Seeing, Thinking, Feeling: A Critical Reflection on Interview-based Methods for Studying News Use

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This article aims to provide a resource for journalism researchers looking to use a qualitative approach to study news use. It seeks to go beyond justifying qualitative methods vis-à-vis quantitative methods and to be more reflective and critical regarding the limitations and possibilities of the qualitative interview. Making the case for taking experience as point of departure for studying news
use, the article explicates this notion by drawing from different theoretical conceptions of experience. Based on three recent user studies, the article critically reflects upon three interview-based methods that center around users’ experience of news use—the think-aloud protocol, watching and discussing news, and the two-sided video-ethnography—and discusses their theoretical, methodological and epistemological implications. A common thread emerging from the different user studies is that people require support to be able to access and communicate their experiences of news use. The methods discussed proved successful at doing so, respectively by having informants comment on what they saw right in front of them (see), by giving them the tools and the vocabulary to reflect on a prior experience (think), and by bringing them in touch with their sensations of using news (feel).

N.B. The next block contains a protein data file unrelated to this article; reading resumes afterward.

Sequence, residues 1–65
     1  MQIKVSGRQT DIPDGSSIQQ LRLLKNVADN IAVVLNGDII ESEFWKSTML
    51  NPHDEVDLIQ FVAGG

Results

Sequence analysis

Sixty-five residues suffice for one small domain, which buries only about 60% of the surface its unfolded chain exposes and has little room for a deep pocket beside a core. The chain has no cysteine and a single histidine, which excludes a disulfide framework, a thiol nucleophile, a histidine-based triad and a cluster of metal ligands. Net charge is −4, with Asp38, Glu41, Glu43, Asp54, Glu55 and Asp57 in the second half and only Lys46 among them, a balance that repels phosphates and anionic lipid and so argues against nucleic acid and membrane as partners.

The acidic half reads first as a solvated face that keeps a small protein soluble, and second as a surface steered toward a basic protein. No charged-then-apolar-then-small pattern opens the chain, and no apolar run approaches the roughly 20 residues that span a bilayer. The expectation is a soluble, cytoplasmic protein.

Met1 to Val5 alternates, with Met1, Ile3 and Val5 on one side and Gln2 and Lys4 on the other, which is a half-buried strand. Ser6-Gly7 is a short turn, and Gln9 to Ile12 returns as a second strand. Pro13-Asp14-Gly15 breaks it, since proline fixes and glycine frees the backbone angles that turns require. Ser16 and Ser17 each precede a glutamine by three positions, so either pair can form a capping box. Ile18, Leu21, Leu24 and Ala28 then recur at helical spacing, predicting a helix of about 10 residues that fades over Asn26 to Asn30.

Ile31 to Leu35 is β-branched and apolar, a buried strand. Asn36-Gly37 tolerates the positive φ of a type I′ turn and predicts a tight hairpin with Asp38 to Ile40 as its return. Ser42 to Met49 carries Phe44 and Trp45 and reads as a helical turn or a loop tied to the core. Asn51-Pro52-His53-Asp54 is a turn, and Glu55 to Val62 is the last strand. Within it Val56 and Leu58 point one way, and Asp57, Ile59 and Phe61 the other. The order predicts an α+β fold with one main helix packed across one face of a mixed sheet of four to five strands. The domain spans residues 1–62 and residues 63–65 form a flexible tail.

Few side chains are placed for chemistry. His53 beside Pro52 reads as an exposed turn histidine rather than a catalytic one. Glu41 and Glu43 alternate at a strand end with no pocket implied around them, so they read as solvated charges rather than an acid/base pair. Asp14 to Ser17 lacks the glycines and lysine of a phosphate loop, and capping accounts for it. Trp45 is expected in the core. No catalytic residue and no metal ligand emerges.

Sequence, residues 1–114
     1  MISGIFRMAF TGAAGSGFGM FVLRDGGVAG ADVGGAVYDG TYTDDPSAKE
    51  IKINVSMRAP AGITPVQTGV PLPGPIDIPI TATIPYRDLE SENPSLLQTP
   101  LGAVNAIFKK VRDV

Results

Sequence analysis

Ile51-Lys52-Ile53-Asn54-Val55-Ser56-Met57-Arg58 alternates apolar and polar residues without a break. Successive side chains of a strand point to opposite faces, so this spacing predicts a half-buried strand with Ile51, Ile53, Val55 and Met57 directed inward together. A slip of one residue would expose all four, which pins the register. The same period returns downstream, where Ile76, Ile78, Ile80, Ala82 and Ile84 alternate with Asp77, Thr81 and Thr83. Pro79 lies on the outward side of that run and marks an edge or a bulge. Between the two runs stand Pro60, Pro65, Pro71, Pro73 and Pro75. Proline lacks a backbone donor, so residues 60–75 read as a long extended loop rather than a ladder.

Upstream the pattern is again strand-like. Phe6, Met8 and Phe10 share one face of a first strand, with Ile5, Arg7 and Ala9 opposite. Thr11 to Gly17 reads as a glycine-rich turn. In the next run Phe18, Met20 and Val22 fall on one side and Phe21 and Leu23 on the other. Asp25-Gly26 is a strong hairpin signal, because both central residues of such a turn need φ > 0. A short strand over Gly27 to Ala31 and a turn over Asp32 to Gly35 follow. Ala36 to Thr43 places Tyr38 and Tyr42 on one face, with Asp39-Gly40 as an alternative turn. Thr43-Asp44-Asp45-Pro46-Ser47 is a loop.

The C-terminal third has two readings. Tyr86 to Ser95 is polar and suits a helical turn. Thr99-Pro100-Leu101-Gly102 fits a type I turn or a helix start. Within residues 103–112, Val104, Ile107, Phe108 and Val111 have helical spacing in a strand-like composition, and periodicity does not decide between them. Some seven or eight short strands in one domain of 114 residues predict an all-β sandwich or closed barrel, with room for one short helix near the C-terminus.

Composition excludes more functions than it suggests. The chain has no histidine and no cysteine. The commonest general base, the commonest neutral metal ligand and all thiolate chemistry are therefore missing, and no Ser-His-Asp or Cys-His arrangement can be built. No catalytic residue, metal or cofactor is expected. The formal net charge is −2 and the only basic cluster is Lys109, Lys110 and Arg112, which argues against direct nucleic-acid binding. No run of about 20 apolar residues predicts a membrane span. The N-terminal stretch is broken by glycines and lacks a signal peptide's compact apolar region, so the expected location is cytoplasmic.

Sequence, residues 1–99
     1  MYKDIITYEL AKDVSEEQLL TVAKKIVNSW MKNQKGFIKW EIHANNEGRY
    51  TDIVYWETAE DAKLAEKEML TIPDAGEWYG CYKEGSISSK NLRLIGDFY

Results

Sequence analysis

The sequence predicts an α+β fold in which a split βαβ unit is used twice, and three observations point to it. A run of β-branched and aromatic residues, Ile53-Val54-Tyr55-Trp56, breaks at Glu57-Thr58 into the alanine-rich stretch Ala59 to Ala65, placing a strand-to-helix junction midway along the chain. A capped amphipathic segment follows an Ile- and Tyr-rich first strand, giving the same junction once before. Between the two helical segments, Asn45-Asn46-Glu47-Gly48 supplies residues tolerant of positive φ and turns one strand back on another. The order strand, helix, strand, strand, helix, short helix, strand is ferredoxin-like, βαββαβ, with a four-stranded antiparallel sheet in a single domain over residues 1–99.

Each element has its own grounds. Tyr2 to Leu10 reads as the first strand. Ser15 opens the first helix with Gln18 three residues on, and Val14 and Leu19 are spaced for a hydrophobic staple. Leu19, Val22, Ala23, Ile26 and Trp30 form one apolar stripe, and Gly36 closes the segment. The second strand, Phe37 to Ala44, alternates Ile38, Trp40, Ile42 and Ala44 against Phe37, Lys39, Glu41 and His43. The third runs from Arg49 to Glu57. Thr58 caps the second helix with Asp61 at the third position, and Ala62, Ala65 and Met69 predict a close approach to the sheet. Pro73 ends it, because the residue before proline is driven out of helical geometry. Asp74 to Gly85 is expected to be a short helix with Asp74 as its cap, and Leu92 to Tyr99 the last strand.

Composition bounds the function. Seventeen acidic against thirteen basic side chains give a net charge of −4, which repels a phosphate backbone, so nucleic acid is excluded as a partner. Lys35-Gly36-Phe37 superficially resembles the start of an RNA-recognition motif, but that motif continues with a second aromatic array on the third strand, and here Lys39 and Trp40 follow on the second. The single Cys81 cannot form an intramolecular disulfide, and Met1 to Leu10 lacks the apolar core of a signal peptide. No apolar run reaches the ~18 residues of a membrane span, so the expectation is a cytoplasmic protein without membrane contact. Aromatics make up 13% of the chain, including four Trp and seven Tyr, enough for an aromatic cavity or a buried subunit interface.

Original languageEnglish
Pages (from-to)863–878
Number of pages16
JournalJournalism Studies
Issue number7
Early online date13 May 2020
Publication statusPublished - Jul 2020


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